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In the 1960s, vehicles were equipped with oil pressure, fuel level and tem­perature coolant sensors. Their outputs were connected to analogue gauges or "idiot" lights. As we entered the 1970s and emissions became a driving factor, more sensors were added to help control the power train. With the addition of the catalytic converter, electronic ignition and fuel injection a number of sensors came required to help maintain tight air/fuel control and exhaust emissions. In 1980s, safety became a factor with antilock brakes and airbags.

Today sensors are everywhere. In the power train area, sensors are used to measure the temperature and pressure of most of the fluids (air temperature, manifold absolute pressure, coolant temperature, and fuel injection pressure). Speed and position sensors are connected to most moving parts (vehicle speed, throttle position, camshaft, crankshaft, transmission shift position, valve position and transmission speed sensors). Others measure knock, engine load, engine misfire and oxygen level in the exhaust. Climate control requires the use of various sensors in the air conditioning system to determine refrigerant pres­sure and temperature and interior air temperature.

Sensors have been added to the interior to determine seat position. With the addition of antilock braking and suspension control a number of sensors have been added to determine wheel speed, ride height and tire pressure. As airbags were added for frontal and side impact, more crash sensors and accelerometers were added to control airbag deployment. As the concern for front seat passen­gers has grown so has the need for sensors to determine if the passenger airbag needs to deploy.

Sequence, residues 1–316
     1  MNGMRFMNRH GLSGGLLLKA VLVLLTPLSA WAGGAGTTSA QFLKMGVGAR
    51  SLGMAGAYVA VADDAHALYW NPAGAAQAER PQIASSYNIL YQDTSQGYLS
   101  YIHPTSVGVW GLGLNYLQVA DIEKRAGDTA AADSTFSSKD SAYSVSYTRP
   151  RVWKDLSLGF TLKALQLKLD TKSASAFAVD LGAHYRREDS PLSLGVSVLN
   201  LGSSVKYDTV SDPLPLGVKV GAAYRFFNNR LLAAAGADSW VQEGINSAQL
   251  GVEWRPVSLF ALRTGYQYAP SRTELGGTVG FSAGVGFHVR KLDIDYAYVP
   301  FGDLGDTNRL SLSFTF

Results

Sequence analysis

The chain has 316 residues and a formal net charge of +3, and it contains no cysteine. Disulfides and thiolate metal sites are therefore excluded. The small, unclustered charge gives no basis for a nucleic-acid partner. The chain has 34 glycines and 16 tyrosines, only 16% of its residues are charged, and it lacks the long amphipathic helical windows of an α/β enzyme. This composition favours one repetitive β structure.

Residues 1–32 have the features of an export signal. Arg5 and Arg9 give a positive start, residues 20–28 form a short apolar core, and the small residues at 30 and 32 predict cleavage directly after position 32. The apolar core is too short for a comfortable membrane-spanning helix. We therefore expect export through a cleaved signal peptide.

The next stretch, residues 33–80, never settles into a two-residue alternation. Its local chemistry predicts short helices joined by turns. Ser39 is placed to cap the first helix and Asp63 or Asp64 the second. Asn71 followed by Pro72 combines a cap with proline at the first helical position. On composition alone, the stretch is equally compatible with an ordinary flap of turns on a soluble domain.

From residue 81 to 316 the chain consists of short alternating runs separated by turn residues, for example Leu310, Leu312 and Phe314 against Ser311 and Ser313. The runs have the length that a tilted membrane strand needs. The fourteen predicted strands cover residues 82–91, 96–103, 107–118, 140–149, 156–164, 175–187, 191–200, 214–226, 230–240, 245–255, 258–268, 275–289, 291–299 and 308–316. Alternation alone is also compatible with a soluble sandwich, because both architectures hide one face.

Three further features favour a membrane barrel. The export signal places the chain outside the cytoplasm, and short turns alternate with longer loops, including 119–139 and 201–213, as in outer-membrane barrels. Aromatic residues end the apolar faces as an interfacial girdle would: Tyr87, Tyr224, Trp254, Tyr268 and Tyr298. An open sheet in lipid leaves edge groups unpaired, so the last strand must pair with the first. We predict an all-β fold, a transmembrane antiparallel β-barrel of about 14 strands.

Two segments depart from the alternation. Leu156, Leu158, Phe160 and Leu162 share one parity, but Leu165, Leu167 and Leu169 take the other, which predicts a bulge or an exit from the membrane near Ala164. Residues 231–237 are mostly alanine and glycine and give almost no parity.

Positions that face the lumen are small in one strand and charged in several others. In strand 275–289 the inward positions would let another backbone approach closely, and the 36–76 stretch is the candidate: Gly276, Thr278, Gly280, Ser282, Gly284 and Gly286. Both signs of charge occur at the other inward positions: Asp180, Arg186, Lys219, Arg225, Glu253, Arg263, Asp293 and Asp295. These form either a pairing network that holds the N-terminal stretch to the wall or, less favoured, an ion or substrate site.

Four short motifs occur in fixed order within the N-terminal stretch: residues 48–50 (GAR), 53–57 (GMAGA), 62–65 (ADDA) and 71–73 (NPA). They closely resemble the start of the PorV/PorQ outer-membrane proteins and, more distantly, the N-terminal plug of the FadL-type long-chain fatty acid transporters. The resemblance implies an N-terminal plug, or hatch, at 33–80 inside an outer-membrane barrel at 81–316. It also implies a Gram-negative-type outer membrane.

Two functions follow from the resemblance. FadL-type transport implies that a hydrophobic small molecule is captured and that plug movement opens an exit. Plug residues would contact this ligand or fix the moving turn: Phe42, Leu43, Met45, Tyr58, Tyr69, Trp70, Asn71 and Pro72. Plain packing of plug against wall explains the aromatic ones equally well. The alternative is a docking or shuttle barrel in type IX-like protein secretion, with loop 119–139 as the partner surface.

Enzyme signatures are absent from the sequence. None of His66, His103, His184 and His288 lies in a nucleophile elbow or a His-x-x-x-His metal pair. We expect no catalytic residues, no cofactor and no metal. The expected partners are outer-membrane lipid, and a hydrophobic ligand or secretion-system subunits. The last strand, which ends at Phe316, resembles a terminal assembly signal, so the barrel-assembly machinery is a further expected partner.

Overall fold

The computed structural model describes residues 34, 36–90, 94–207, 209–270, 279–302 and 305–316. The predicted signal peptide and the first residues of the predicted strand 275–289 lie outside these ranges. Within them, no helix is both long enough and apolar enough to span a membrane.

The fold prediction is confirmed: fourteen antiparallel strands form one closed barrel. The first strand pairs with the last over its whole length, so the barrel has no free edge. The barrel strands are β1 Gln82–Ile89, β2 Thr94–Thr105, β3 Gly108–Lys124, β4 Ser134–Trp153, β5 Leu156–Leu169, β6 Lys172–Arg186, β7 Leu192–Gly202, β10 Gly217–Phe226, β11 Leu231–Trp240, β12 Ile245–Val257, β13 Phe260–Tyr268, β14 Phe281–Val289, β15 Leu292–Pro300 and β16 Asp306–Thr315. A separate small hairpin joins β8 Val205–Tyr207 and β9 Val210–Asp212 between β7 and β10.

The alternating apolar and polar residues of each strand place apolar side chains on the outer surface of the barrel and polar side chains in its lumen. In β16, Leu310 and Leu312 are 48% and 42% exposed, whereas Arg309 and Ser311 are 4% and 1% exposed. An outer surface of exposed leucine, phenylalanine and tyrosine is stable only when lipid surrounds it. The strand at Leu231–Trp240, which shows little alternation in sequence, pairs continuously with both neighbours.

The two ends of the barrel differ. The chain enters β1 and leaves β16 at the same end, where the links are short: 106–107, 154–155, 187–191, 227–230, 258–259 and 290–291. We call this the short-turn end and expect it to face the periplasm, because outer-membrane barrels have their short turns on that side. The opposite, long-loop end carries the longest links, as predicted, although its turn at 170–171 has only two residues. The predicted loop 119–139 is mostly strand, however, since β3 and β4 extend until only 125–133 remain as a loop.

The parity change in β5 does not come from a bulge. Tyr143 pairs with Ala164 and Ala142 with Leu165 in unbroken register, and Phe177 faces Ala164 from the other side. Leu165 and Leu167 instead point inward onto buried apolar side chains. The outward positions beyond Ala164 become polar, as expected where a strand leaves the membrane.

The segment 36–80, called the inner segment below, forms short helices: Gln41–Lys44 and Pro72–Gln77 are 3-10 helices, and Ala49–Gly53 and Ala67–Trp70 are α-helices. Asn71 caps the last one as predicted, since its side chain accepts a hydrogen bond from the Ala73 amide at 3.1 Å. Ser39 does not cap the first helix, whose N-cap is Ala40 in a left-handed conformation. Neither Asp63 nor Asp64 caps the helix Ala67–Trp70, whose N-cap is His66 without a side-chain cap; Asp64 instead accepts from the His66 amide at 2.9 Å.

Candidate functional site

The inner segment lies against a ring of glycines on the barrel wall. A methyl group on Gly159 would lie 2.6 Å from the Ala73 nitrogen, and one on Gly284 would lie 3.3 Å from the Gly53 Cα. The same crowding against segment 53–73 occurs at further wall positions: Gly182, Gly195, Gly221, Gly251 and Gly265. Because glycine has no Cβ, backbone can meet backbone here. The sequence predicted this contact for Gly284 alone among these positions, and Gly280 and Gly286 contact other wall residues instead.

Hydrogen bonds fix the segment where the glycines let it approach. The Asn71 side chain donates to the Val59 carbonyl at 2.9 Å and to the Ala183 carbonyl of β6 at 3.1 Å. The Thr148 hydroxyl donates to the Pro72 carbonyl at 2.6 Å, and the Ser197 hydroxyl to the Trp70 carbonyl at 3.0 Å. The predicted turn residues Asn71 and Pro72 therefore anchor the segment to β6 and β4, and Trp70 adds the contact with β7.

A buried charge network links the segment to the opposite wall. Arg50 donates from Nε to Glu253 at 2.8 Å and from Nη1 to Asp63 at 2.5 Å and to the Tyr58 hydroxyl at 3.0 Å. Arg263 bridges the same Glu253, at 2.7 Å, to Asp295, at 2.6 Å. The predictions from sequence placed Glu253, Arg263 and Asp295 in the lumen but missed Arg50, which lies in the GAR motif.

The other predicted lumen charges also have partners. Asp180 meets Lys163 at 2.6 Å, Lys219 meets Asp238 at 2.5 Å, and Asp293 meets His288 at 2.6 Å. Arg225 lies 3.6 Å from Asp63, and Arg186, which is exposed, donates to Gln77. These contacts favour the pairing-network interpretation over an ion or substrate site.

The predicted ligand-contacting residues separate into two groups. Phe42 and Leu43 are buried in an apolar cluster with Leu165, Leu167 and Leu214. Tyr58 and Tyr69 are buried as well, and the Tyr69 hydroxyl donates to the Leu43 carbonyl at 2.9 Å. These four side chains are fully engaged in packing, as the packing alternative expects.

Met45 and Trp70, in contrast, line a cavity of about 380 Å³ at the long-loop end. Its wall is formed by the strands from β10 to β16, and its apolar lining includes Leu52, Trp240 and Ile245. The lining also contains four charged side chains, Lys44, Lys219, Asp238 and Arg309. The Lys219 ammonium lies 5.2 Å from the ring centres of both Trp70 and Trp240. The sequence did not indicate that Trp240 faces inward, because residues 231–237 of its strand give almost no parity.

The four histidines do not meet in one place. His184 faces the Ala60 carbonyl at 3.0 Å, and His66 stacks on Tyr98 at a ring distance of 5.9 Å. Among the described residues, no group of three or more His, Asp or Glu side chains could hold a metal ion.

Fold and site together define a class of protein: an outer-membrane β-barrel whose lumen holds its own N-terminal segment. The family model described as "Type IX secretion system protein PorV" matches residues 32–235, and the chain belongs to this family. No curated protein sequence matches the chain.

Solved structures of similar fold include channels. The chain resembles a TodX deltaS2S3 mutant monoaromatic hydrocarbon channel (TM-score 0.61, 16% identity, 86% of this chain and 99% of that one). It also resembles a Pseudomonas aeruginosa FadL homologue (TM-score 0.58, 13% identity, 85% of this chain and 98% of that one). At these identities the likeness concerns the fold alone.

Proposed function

Occupant position sensors, passenger weight sensors and oth­ers have been developed to ensure the correct deployment of the front passen­ger airbag. Other sensors are being added as car manufacturers add side impact bags, roof airbags and sophisticated side impact head protection airbags.

As engineers have moved beyond antilock braking and traction control into electronic stability control, more sensors are required. Yaw rate, steering wheel angle and collision avoidance sensors, such as radar sensors or sensors to deter­mine the proximity of other vehicles, will be added. Additional sensors to help control or determine lateral acceleration speed of each wheel and engine torque will be needed.

Control of the vehicle's braking system is tied into the stability control sys­tem. The first oil pressure and coolant temperature sensors were set up to work independently of each other. In fact some of them were nothing more than switches that were activated at certain maximum or minimum levels. As more sensors become electronic or digital, they are interconnected and their output is used for more than one vehicle system. Thus sensor manufacturers are searching for better ways to design and manufacture sensors.

1. Which instrument shows you:

· how fast the car is travelling? _________________________________

· warns you if the engine lubrication system gets too hot? ____________

· shows that you are indicating to turn left or right? _________________

· shows you how often the engine is turning over? __________________

· shows you how much petrol you have in the tank? ________________

· indicates the voltage of the car’s electrical system? ________________

2. Match each abbreviation with its meaning:

FWD a) rear-wheel drive
bhp b) grams per kilometer
GDI c) miles per gallon
rpm d) brake horsepower
RWD e) front-wheel drive
SI f) turbo direct injection
TDI g) Gasoline Direct Injection
mpg h) spark ignition
g/km i) revolutions per minute
mph j) miles per hour

3. Translate the following extract in written form:

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